How to Use Steam Cleaners on Laminate Flooring

Updated February 21, 2017

Although steam cleaners quickly clean and sterilise a wide variety of surfaces, many flooring manufacturers and retailers don't recommend cleaning laminate flooring with steam, as moisture and heat can damage laminate surfaces, boards and subflooring. Using a steam cleaner to clean laminate flooring isn't impossible, though, or difficult to do. If your floor is completely sealed and you take care when using moisture and heat, you can quickly remove dirt and grime from your laminate flooring with a steam cleaner mop.

Contact the manufacturer and/or installer of your laminate flooring product to verify that you can use steam safely on it.

Vacuum the floor to remove loose dirt, hair and other debris, or use a dry mop with a soft, lint-free, microfiber cloth head.

Mix a solution of equal parts white vinegar and water, pour it into your steam cleaner mop's water tank, and then go to Step 5. If the owner's manual for your steam cleaner advises against cleaning with vinegar, pour the solution into a spray bottle, and go to Step 4.

Spray the solution lightly onto your laminate flooring, and wipe the surface with lint-free, microfiber cloths. If you have a dry mop with a microfiber cloth head, spray the solution onto the flooring, and follow with the mop.

Prepare your steam mop. Plug the mop in, turn it on, and preheat it following the owner's manual instructions. If you can't use the vinegar/water solution, fill the mop with water.

Push steam into the mop's terry cloth or microfiber cloth head. Grasp your mop handle, and hold the mop head away from your laminate floor's surface. Press on the trigger two or three times to force the hot steam into the mop's head, without saturating the head.

Sweep the floor with the mop quickly, in a forward and backward motion, without pressing the trigger--repeating Step 6 as needed to remoisten the mop head. If the cloth on your mop's head becomes overly dirty or saturated, replace the head or cover with a clean, microfiber towel. The hot steam in the head enters the towel when you repeat Step 6.

Rub the floor, seams, baseboards and any areas with cracks and crevices with a dry mop or microfiber towels to remove excess moisture.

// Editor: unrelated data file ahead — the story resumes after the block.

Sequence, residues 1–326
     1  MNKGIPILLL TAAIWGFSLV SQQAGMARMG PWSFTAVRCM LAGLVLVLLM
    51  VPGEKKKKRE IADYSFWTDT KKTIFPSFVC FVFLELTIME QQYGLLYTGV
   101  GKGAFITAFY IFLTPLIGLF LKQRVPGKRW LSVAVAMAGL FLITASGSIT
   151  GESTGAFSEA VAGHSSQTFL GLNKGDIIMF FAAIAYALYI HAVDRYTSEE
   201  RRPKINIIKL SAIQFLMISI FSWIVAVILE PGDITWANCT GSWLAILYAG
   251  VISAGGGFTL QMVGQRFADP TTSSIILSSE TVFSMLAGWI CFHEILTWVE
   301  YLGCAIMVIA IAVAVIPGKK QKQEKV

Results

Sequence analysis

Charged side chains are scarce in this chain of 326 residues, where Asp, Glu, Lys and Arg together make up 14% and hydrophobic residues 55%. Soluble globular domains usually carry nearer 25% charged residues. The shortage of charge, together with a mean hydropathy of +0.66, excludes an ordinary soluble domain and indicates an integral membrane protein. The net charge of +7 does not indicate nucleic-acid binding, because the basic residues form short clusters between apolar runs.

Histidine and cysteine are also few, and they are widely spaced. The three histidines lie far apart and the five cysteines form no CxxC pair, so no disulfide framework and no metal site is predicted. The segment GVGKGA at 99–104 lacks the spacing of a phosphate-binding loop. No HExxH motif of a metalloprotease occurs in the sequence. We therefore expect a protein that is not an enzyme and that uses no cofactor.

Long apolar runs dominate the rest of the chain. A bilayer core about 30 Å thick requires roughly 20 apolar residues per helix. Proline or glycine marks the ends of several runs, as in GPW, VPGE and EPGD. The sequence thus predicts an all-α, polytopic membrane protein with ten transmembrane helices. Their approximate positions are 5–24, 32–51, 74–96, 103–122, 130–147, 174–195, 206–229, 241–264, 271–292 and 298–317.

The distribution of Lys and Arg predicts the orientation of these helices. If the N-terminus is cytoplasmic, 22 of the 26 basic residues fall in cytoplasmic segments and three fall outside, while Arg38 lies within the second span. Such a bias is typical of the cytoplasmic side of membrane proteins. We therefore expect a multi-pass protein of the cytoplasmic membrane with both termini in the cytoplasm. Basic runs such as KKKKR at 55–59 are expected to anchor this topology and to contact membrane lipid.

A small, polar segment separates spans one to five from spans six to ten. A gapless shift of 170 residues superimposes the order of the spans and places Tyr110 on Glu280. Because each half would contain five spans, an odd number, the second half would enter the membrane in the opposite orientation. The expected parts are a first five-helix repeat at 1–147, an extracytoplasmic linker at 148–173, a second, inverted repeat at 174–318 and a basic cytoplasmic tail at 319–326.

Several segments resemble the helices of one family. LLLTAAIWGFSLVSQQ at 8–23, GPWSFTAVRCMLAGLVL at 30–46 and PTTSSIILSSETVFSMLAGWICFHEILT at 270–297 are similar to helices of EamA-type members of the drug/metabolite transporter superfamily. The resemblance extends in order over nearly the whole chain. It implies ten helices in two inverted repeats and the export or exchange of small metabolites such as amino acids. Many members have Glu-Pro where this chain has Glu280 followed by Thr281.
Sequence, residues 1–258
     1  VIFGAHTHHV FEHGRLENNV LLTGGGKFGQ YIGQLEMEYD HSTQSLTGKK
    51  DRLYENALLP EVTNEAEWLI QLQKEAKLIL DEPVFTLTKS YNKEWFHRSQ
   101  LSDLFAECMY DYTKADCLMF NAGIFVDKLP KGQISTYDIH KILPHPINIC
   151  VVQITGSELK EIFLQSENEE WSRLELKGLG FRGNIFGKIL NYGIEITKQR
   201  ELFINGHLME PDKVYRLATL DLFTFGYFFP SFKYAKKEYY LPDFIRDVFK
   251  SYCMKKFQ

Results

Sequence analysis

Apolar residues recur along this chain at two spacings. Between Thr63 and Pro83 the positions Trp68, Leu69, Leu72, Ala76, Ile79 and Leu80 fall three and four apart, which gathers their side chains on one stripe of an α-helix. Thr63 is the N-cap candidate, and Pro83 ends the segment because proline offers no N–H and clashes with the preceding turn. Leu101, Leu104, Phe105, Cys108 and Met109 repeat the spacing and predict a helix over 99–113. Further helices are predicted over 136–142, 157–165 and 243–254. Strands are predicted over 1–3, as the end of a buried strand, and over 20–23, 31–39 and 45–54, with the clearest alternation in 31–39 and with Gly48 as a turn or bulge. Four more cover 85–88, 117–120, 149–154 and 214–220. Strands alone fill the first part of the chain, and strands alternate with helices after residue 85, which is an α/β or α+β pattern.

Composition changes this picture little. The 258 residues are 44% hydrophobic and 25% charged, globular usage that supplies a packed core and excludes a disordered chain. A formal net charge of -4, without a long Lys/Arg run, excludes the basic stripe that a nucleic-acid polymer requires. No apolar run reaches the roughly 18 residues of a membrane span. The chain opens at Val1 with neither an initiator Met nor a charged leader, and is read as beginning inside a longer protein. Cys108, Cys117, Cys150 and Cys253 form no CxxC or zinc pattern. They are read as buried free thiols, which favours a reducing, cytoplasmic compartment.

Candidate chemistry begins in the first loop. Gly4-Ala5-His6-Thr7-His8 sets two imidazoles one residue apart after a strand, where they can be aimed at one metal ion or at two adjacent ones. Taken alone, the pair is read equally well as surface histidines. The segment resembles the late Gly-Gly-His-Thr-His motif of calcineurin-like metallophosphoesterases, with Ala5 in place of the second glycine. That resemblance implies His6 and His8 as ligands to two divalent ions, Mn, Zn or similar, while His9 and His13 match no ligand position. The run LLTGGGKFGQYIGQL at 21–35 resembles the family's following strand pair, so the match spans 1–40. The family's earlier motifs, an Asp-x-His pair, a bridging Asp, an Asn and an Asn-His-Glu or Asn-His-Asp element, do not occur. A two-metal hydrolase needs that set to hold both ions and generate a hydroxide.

If your laminate flooring has tough stains or scuff marks, remove the marks with rubbing alcohol (70 per cent solution) on a microfiber cloth. Simply blot and rub at the mark, until it dissolves.


Always check with the manufacturer and/or installer of your laminate floor before cleaning with a steam cleaner. A floor not sealed completely can allow moisture and heat to seep into cracks, crevices and floor seams, as well as under the surface of the floor, where it can dissolve floor adhesives, promote mould growth and warp or crack laminate boards. Always spot test your laminate with your vinegar/water solution and steam cleaner before cleaning. Never use carpet steam cleaners on a laminate surface, as carpet steamers produce excessive moisture. In addition, the brush heads on carpet steam cleaners can scratch laminate surfaces. Never use any chemical cleaning products on your laminate flooring, unless approved by the manufacturer. Although "laminate floor cleaner" products exist, many can dull your floor's shine, cause streaks or warp or crack the laminate's surface.

Things You'll Need

  • Vacuum
  • Dry mop (optional)
  • White vinegar
  • Spray bottle (optional)
  • Microfiber cloths
  • Rubbing alcohol (optional)
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About the Author

Based in Southern Pennsylvania, Irene A. Blake has been writing on a wide range of topics for over a decade. Her work has appeared in projects by The National Network for Artist Placement, the-phone-book Limited and GateHouse Media. She holds a Bachelor of Arts in English from Shippensburg University.